One of the first things you should pay attention to is minimizing your blast radius. This is especially essential when testing in production because you can cause real pain to real customers in the process. Choose the smallest possible point of impact that will provide meaningful results without increasing undue risk. You can gradually expand the danger zone with subsequent testing, if that is necessary for you to gather the data and insight you need.
If it helps reduce your level of anxiety, you can perform a dry run using manual testing in a simulated environment, analyze the results, and then repeat or scale in a live production arena in order to obtain more relevant, real-world outcomes. It’s also a good idea to have a backup plan in place in the event that you need to roll-back your experiment or kill it.
You should be prepared for the fact that the backup plan might also fail. The idea is to introduce controlled chaos, but you can never be certain how a complex system will perform until it has been put through its paces.
Another practice that’s becoming common is to containerize chaos testing. The orchestrated environment of containers allows you to deploy more experiments in isolation at service levels without a high risk of disruption. You can destroy one container at a time to create a little chaos, and the technology will create a new replica to replace it when you’re done.
Containerized environments also make it much easier in real-world applications to rapidly create and deploy new containers quickly if existing ones disappear due to a server crash or other issue. It allows you to trust the scheduler and perform verification, which is imperative in this environment.
For containerized experimentation, one way forward is a four-step process that leads you from testing for factors you’re aware of towards those that you aren’t, though there’s no law against switching things around depending on personal preference:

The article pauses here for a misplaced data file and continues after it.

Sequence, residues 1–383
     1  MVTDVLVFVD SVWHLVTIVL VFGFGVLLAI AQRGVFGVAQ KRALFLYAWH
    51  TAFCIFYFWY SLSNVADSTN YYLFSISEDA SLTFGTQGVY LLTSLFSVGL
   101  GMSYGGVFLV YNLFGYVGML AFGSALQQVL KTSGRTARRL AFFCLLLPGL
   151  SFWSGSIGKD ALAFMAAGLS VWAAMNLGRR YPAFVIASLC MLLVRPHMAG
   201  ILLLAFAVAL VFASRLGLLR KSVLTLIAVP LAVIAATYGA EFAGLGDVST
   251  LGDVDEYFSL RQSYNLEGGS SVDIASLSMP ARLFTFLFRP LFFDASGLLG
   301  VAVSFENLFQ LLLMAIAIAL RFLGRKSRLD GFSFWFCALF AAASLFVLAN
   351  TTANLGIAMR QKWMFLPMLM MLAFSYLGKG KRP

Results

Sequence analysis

Testing for “Known Knowns” or things that you should already be aware of and understand. For example, you know that when one node or replica container shuts down, it will disappear from the node cluster. New replicas will be created and re-added to the cluster.
Experimenting for “Known Unknowns” or elements that you are aware of but lack comprehension. This is where you know the above, but lack knowledge of the time it will take between destruction of one clone and creation of a new one.
Checking “Unknown Knowns,” which are things that you comprehend but which are beyond your perception. In this case, you don’t know the mean time for creation of new replicas on a specific date or in a certain environment, but you do know how many there were and how many will be created to replace them.
Looking at “Unknown Unknowns” for which you have neither knowledge or awareness. For instance, you don’t know what will happen during a total system shutdown or whether the virtual region failover will be effective because you have no previous trials or basis for comparison.
Kube Monkey is a version of the Netflix team’s Chaos Monkey that’s made especially for testing in a containerized environment.